Drawing a line in the sand: No more IE 5.x support in Basecamp and our future products Jason 26 Mar 2005

42 comments Latest by Arne Gleason

The time has come to move on. We’re phasing out IE 5.x support in Basecamp and not supporting IE 5.x in any future products we develop.

In some ways the decision was a hard one, but it’s also one of those decisions that you’ll look back on and wonder why you didn’t make it sooner. This is symptomatic of many tough decisions.

But in the end we’re betting on the future, not the past. We’re on the Ajax highway and not looking back. Backpack will be the one of the best examples of the benefits of an Ajax customer experience on the web when it launches in 30-45 days. Ta-da List said no to IE 5.x from the start, and so far over 15,000 Ta-da listers have jumped on board.

Sure, we could have hacked in support for IE 5.x, or built alternate versions for older browsers, but legacy support is not the way to build a forward looking product. IE 6, Firefox, and Safari are now the tickets to ride.

So today is the day we announce we’re moving on.

42 comments so far (Jump to latest)

Tristan Dunn 26 Mar 05

Good choice, in my opinion. Can’t wait to see Backpack.

Josh Delsman 26 Mar 05

Thank god. I can’t believe anyone is still supporting IE 5.x. I haven’t from the start. I wish we didn’t have to support IE 6.x :)

Justin 26 Mar 05

Bravo!

Mark 26 Mar 05

7% of your audience, crikey. Here’s hoping you just turned lots of people into Firefox users! :)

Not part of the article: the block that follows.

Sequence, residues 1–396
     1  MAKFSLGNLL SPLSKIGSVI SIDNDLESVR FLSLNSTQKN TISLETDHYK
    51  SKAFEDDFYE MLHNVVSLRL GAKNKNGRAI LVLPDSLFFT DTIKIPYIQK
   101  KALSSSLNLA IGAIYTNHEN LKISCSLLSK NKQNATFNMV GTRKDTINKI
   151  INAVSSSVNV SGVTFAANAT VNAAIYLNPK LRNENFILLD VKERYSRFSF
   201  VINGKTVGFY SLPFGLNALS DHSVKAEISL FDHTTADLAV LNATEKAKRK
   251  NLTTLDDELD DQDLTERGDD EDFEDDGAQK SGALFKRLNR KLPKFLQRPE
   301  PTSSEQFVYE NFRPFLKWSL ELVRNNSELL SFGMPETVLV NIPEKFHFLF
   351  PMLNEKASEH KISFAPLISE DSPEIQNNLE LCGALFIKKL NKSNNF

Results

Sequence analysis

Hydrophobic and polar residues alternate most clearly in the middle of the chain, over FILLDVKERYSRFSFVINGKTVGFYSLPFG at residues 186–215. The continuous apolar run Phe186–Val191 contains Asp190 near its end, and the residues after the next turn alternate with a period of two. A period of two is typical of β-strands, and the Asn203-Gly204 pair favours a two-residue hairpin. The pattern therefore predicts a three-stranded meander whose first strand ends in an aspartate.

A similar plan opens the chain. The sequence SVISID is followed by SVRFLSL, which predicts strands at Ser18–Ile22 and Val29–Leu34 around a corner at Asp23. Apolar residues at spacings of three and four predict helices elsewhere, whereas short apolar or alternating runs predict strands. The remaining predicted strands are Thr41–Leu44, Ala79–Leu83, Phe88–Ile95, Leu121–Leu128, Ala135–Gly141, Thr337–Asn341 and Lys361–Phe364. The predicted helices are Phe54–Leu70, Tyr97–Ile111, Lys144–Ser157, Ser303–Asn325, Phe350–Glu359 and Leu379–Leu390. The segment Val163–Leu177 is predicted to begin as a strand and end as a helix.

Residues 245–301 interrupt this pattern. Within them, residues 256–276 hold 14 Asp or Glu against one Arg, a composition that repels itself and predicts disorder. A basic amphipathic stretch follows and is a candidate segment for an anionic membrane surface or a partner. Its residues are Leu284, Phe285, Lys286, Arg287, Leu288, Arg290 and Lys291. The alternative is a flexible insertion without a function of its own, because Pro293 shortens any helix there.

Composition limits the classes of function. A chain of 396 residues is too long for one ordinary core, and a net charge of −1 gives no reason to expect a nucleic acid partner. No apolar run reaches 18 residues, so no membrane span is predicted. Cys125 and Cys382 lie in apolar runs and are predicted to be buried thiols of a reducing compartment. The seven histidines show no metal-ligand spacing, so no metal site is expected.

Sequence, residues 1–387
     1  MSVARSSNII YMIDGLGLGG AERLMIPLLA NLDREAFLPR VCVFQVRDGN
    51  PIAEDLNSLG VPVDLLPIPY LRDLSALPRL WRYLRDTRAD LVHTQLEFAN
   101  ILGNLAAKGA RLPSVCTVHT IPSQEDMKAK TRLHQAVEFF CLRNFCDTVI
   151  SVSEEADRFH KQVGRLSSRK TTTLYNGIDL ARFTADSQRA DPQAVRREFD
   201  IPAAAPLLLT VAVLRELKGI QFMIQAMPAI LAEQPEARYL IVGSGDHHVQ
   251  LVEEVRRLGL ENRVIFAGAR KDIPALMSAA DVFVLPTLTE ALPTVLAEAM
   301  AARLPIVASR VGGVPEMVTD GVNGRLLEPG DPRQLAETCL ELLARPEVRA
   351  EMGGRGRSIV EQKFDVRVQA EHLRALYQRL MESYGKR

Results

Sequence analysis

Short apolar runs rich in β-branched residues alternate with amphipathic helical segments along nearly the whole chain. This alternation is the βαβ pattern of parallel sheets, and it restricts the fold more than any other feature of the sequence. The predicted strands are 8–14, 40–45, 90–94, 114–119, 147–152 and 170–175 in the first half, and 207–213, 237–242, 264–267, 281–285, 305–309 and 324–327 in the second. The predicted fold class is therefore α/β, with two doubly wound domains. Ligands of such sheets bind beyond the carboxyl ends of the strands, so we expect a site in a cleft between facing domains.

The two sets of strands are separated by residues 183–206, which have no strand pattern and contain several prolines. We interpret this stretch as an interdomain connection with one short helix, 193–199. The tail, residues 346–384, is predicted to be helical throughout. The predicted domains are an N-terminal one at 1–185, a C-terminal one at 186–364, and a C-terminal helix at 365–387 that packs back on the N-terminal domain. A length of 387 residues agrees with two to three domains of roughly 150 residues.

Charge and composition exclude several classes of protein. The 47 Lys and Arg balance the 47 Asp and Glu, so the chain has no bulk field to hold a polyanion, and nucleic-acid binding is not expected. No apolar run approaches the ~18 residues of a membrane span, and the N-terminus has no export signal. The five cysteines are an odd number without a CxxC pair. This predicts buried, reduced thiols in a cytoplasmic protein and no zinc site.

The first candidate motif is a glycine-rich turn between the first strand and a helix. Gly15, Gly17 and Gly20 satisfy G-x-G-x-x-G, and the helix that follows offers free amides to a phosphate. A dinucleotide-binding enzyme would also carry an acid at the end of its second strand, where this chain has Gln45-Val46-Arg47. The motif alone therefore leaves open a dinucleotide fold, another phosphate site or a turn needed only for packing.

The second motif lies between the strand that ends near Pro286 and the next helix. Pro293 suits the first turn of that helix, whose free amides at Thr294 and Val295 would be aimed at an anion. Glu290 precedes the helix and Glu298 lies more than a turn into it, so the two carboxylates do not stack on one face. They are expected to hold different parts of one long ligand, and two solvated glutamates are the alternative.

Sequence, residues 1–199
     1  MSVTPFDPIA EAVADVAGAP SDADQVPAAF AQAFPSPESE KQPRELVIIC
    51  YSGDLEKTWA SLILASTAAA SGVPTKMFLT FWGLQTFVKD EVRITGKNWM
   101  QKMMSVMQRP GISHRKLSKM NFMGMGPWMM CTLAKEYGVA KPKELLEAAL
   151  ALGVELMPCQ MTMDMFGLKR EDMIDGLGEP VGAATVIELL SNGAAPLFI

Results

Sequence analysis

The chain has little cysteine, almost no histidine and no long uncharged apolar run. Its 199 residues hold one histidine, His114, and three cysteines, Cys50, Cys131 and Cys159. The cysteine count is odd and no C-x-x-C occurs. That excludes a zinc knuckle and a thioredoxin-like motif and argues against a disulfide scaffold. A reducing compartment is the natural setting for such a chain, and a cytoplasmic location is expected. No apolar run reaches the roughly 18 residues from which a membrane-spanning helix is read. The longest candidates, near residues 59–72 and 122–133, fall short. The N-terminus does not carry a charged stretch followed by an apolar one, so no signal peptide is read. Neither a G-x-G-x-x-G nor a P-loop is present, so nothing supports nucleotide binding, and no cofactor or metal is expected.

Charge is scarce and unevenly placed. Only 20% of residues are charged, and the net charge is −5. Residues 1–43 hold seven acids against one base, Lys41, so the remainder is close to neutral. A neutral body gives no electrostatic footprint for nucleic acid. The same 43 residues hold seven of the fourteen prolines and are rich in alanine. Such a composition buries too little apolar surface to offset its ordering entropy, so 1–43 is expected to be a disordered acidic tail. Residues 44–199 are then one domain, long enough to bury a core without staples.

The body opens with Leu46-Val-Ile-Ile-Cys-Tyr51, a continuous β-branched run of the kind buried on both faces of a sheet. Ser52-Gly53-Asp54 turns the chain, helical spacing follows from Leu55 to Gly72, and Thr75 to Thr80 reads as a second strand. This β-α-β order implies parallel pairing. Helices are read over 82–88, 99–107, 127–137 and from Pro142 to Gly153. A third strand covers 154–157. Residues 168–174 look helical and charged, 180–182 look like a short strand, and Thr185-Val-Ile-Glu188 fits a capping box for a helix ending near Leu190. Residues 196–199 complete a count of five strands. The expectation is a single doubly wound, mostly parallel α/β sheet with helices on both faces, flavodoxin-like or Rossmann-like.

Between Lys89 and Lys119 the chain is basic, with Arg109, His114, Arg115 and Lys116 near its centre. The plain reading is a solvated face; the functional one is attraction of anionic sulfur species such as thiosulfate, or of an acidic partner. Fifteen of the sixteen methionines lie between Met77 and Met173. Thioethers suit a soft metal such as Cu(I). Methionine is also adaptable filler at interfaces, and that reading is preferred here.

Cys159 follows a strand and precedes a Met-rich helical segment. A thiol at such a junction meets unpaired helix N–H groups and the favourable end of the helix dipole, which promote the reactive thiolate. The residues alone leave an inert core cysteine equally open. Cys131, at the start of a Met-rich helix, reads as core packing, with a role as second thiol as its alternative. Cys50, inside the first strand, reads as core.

Sean Tierney 26 Mar 05

That’s a bold move giving the finger to 93% of the browser market but those are probably the 93% that wouldn’t appreciate your stuff anyways… BTW, I just setup Basecamp for a legal tech consulting project I’m working right now and it has gotten great feedback so far. The attorneys I deal with are generally still running Win 98 but they can all appreciate a great interface when they see one because it just works right. Great job.

Sean

Andrew 26 Mar 05

“That’s a bold move giving the finger to 93% of the browser market but those are probably the 93% that wouldn’t appreciate your stuff anyways…”

The whole point is that it’s NOT 93% of the market. That’s completely wrong. It’s 7% of *their* product’s userbase, and I assume it accounts for more development and support costs than 7% of the userbase adds to profits. Actually, I’d bet that some significant portion of that 7% will simply switch to another browser, so there’s almost certainly not going to be an instant 7% drop in users. Sean, even those attorneys using Win98 could still use Firefox perfectly well.

B. Adam 26 Mar 05

Sean: IE5.x doesn’t have 93% of the browser market, they’re saying it has 7%. And 7% of their market — which is an important distinction. This kind of move should certainly only be made on a case-by-case basis, after closely reviewing your stats as 37s has done.

So, Jason, am I right in assuming when you say “no support” you mean not even unstyled access? Not even a slow, degraded yet still accessible version? Interesting.

A. Casalena 26 Mar 05

Is this a cross platform statement? (IE 5.2 Mac as well?)

I gave the kick to IE 5.x in my apps a bit ago (for Windows users, not having my applications work is the LEAST of your problems if you’ve got IE 5.5 — I’ve never seen an IE 5.5 user who wasn’t totally consumed with spyware).

It gets so tricky with Mac’s becasue of Apple’s failure to provide browser upgrades to their old OS’s. It’s OS 9 I believe that is forced onto Safari 1.0 + IE 5.2 (Someone was telling me Firefox wouldn’t work on OS 9 — but I have no idea if this is true or not).

bonaldi 26 Mar 05

No, there’s nothing that will work on OS 9 apart from IE.
No Safari, no firefox, no camino, no …

(There’s an ancient unofficial hack of Mozilla that has some nasty bugs and a terrible version of iCab, but that’s really it. And at my work — newspaper company — the machines are locked down with only IE.)

So that’ll be us OS 9ers completely out the 37 signals loop. Boo. We only just got gmail working, too.